Chiang Mai is the largest city in northern Thailand, and for my money the best. Set at the base of the temple clad Doi Pui Suthep mountains, this city sprawls for miles, but it is the walled centre that embraces the art, culture, people and history that beguiles all comers.

We arrived at 5.00am ‘fresh’ off a night bus from 16603154_10100224956949095_3260128140994720935_nBangkok, the taxi drivers gathered and harassed as they always do, give yourself a little breathing space, wait for the buzz to die down and then settle on a reasonable price as we did. Luckily for us our hotel Lanna Boutique allowed us to check in at 5.30am which for any travellers used to waiting around for a 3pm check in will know, was absolute heaven. We showered, used the pool and ate breakfast all for zero cash.

Chiang Mai is a walking city, easy to navigate and there is a serenity in the air not usually associated with Thai cities. There is also plenty to do in Chiang Mai, more than enough to fill the four days we had there, small temples are nestled into every nook and cranny within the walls, there are mountain temples, night bazaars and plenty of little cafes to sit and watch the world go by in.

We spent a day with Janich and Sandie, a Danish couple we had hung out with in Bangkok, firstly heading to Grand Canyon, we were told of strange rock formations outside of the city where we could leap from varying heights into the waters below, sounds fun right?! Well all was not as it seemed, it’s actually a super tacky ‘water park’ if it can be called that, even further its actually just one jump from maybe 30ft, that you have to queue up for, and that you have to wear a life jacket for, what I’m saying is Grand Canyon sucks, don’t go there.

That night we took a taxi to the Thai Boxing stadium, drank beers, bet on children and men alike, tried to find some late night entertainment, but everywhere round here shuts down at midnight, at the time this broke our hearts, but in hindsight it keeps all the degenerates from heading up this way, so keep up the good work Chiang Mai.

We decided to spend our last two days on 16729143_10100224956215565_6480398889769487500_na trek into the hills a few hours north of Chiang Mai, and what a great choice it was. A small metal carriage picked us up at 8am, along with a couple of other European girls, we drove the few hours out, stopping en route for coffee (thank god), to an elephant Sanctuary. The new buzz term in Thai tourism is ‘no riding elephant sanctuary’, in response to the west’s condemnation of the Elephant cruelty that this age of information has exposed. And this place actually felt nice, the elephants roamed free, the handlers using gentle tugs of the ears to keep control of these giant creatures. For a few hours we fed, bathed and played in mud with two elephants, so strange to be this up close and personal with something us westerners rarely encounter other than in Zoos or David Attenborough programmes.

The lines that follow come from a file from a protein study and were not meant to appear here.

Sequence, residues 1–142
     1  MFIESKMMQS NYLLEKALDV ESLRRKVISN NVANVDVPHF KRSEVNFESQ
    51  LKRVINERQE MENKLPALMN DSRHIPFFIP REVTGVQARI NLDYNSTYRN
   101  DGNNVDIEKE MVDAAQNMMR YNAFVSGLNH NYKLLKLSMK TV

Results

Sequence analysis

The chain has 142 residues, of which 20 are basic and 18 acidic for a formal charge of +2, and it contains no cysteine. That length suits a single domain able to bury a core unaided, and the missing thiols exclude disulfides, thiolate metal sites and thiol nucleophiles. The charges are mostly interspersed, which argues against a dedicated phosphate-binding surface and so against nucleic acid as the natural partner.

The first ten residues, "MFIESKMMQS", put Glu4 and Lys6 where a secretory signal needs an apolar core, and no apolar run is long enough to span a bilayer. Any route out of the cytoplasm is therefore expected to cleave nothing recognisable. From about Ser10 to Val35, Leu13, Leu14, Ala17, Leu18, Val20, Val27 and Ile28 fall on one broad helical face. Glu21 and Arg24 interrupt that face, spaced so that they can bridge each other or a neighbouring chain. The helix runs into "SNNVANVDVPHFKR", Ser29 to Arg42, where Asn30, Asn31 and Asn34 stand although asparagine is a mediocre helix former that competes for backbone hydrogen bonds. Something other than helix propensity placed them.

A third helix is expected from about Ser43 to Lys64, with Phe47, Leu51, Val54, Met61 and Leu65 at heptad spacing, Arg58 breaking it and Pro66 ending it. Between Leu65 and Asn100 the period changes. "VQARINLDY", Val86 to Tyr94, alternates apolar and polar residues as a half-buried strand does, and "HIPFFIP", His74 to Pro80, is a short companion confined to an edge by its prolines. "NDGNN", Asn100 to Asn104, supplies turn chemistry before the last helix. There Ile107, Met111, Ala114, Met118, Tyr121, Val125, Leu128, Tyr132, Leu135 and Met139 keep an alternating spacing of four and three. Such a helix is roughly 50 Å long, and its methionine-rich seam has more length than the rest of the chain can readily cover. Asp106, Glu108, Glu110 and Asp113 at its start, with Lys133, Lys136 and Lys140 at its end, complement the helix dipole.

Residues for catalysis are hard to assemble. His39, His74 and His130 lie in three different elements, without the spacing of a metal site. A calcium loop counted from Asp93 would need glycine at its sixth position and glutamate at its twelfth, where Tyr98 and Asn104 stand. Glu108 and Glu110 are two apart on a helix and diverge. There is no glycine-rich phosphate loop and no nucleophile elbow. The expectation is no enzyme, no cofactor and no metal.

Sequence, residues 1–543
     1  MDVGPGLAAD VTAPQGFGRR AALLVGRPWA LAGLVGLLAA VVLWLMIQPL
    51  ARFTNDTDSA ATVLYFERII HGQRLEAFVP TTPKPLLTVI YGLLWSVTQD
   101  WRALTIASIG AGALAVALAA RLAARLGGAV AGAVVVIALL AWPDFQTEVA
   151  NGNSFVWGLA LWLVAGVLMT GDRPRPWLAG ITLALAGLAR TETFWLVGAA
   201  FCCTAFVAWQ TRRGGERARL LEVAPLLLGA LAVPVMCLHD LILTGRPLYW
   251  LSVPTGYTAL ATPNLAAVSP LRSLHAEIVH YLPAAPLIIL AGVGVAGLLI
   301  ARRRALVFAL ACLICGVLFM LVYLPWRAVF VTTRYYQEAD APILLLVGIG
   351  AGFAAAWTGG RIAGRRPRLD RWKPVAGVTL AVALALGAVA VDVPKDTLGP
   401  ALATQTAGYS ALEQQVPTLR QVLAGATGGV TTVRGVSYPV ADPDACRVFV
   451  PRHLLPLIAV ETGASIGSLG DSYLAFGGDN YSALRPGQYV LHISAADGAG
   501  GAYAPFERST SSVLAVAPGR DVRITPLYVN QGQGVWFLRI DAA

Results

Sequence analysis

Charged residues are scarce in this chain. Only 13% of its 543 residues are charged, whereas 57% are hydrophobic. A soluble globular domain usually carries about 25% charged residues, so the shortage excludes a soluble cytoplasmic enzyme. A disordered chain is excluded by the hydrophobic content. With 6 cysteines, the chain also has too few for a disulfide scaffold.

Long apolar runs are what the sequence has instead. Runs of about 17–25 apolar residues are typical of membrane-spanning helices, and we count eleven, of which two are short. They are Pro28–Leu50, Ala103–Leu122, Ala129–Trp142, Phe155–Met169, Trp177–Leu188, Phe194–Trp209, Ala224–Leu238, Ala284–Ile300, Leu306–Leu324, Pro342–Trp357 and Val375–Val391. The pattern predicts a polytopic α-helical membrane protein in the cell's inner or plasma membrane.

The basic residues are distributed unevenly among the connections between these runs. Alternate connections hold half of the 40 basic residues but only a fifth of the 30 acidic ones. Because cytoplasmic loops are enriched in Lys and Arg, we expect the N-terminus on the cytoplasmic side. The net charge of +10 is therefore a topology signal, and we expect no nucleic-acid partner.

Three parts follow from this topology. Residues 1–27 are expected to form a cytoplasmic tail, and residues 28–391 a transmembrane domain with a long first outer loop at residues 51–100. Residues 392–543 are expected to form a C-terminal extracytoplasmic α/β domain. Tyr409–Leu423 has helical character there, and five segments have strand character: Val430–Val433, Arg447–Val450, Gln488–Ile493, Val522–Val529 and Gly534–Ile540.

We left and were swiftly dropped by the side of a mountain road, our guide led us for a few hours up and down the hills, occasionally summiting to breaks in the trees and breathtaking scenery out over these wild peaks and weed green rice paddies. The heat of the day was broken with a dip in a beautiful waterfall that appeared almost from nowhere, then the final leg of the hike took us to an indigenous village of only 22.

Away from the neon glow of the big cities, this was a chance to peer into real life for these hill dwellers that have survived for generations, barring the addition of a few Premier League shirts, almost unchanged. The children played games of ‘lets dig a hole’ and as the night won its battle with the day the village shut down, no electricity round here to prolong the light. We sat by a campfire and gazed up into the heavens, occasional gunshots ringing out through the valleys as the men of the village hunted the next days food.


Our last day in Chiang Mai was spent hiking to another, this time bigger waterfall and then onwards to our accommodation to pack up and head further north.

Whether you have three months or three weeks in Thailand this is an absolute must visit city, if beaches are all that interest you then save yourself a fortune and go to Benidorm. If travel is what you seek then head up this way and lark about with some elephants.